What is happening to Ecuador’s youth?

It started with an advanced writing class I taught in which the students’ final work would be a research paper and presentation. I didn’t know what to expect from a particular student because she changed her topic at the last minute.

Well it was damn enlightening. She talked about Ecuadorians who immigrate to the United States. And the fact that they send the same amount of money back to their families that Ecuador makes in oil exports. These statistics are probably a little old as data goes, especially in our current economy but all the same, I was surprised.

But what surprised me even more were the repercussions of Ecuadorians moving to the US. The repercussions? I had never heard about the families left behind. I had only heard about how the US is overrun with illegal/legal immigrants and “American dream” stories of tenacity and successes.

It was just assumed from my North American status that families on the receiving end of the money being sent back from those who had escaped to provide a better living were grateful, happy and pleased. Apparently not. It turns out that divorce rates enter the equation. As do second families (in the form of another wife, children, home); they add another x to the algebraic problem. Not to mention the children who turn themselves inside out wondering why they’ve been left behind.

This seems logical, natural even but what my student did was give me in a lesson in division that I didn’t even know existed because the rest of the students seem to be very much aware of all this. But my education did not stop there as I thought it would. It was unfortunate, etc but I didn’t expect to hear about it again until a colleague explained to me another facet to this issue.

I’m not sure how we got on this topic but she shared with me what she had learned from her students. There are two gangs in Cuenca who’s names escaped her but let’s call them M and N. M’s seek out very depressed teens and teach them to cut themselves. They typically have slash marks up their arms.

N’s are the kind of group that you can’t leave. If you try to the gang will kill you and if you want out then you have to kill one of your own family members. This all sounds absurd and obviously this is an extreme situation but from what I have heard the suicide rate for teens here is high. (Or high enough, right.)

You have to remember this is a Catholic society that is extremely family-centric. Sundays are family days. Everyone eats dinner with their family on a daily basis. They spend holidays, festivals, celebrations and vacations with each other. You live with your family until you are married. Mothers and daughters walk arm in arm all over town. It’s common to hear from teenage girls that their mother is their best friend. And I imagine there is a similar bond between the fathers and sons.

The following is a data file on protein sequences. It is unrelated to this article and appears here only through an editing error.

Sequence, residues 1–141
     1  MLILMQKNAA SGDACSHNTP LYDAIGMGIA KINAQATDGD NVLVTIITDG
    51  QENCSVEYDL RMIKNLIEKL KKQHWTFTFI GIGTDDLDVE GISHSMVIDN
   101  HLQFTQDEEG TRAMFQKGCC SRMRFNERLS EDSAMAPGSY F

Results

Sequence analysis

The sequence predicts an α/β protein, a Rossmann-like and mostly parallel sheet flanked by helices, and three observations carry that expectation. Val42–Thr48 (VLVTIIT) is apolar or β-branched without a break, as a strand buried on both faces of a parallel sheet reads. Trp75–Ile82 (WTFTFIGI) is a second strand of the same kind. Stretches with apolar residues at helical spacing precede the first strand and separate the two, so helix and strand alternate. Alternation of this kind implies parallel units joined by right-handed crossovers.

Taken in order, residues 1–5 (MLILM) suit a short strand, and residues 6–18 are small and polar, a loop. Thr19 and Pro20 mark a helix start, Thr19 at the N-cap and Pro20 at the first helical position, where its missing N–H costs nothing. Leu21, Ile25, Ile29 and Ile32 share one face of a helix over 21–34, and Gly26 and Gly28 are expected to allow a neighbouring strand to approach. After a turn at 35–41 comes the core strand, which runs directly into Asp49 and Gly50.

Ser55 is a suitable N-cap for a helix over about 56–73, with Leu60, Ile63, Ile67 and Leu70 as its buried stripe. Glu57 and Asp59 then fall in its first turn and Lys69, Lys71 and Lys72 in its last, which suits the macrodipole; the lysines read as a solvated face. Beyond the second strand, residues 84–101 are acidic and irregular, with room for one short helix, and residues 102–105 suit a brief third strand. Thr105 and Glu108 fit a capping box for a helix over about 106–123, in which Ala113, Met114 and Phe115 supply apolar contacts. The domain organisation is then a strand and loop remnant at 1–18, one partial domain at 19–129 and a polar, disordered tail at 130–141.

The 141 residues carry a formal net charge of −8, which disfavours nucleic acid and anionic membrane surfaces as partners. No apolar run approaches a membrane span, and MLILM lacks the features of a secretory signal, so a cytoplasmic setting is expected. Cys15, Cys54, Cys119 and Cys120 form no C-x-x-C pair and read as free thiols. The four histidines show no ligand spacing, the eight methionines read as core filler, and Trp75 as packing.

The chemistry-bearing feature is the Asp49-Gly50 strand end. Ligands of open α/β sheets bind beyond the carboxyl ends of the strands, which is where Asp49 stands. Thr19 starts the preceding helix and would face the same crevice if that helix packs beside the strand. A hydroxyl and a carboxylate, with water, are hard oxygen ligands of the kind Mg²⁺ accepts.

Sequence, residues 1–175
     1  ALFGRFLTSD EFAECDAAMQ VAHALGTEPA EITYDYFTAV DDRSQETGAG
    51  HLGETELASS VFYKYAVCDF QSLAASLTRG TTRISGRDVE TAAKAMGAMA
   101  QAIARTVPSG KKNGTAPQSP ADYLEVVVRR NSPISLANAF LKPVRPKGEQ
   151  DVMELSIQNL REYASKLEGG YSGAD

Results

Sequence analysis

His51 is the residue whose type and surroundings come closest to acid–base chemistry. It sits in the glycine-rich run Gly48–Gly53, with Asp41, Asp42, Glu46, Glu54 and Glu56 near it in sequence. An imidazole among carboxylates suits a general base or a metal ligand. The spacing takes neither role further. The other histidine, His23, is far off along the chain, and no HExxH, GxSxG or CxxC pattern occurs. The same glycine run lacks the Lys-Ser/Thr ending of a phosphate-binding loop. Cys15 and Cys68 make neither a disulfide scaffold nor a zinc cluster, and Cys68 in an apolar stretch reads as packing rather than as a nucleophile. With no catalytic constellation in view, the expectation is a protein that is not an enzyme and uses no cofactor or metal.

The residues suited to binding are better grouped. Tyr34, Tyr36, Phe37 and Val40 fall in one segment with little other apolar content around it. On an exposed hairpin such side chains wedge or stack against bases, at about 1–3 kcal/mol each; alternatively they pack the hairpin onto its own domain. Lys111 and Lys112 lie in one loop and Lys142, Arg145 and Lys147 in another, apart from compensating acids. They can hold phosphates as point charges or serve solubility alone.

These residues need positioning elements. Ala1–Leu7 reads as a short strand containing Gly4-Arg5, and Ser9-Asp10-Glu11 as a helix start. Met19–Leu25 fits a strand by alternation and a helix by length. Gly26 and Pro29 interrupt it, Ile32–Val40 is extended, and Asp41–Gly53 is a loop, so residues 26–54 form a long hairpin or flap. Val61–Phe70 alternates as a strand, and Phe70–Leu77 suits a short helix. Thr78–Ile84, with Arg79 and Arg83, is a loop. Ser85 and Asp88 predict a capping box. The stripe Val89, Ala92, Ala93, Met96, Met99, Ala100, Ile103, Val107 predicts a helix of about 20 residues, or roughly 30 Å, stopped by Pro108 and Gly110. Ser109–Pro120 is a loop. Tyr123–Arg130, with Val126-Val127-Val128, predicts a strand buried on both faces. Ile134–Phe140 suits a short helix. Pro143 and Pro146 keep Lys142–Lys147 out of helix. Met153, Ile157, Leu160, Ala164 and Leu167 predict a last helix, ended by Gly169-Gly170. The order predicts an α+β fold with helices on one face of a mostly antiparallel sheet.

I can’t imagine what it would feel like to grow up in the shadow of happy parents w/ their children celebrating together or having dinner every night. Sure these children are left with an extended family member like an uncle or grandmother but it is not the same. Sometimes these cousins don’t want the children or discipline them with a neglectful hand.

This is the perfect example of how money thrown at a situation doesn’t solve anything. These children know that their parents are off making money and sending it “home” for them but I think they would be happier if their parents were with them instead. I don’t know but hearing about the families left behind makes me wonder what some of their stories are.

As an orphan you are left oftentimes to your imagination as to what happened to your parents. Or if you know they left you, at least you are left with the confirmation that you have been utterly abandoned. But for these children they are on a loose tether of sorts. Their parents are providing for them in a materialistic sense perhaps with promises to come back or send for them.

But if their parents are in the US illegally then it becomes a visa nightmare to try to reunite with their children. I’m sure the parents over there are doing what they feel is best. And I know gang situations are a problem everywhere around the world. But I am not all over the world, I am here and I wonder what will happen to Ecuador’s youth.

3 replies on “Left behind

  1. Great post. This is a societal problem for Ecuador and the dark side of remisas and the homes built by immigrants. People that I talk to indicate that it has done great damage to families. The wife is left to raise the children and the man lives a clandestine life in the States. All too frequently none of this has a happy ending.Another sad part is the “disappeared.” Men, and much more frequently young women, who are never heard from again.Would like to know if you get more on this issue.Mike


  2. Thank you. I too have heard the same things from my former students. It would be very interesting if someone took up documenting this trend or phenomenon in Ecuador.I'll add more if I hear of anything. But I hope someone who can make a difference will start to take notice in these children.


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